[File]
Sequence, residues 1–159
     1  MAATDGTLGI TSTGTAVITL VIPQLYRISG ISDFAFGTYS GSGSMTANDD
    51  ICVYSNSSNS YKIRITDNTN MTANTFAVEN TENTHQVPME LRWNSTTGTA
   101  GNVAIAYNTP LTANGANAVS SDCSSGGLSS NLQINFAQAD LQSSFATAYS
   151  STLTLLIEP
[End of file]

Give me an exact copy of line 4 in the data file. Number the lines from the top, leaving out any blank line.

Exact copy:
   101  GNVAIAYNTP LTANGANAVS SDCSSGGLSS NLQINFAQAD LQSSFATAYS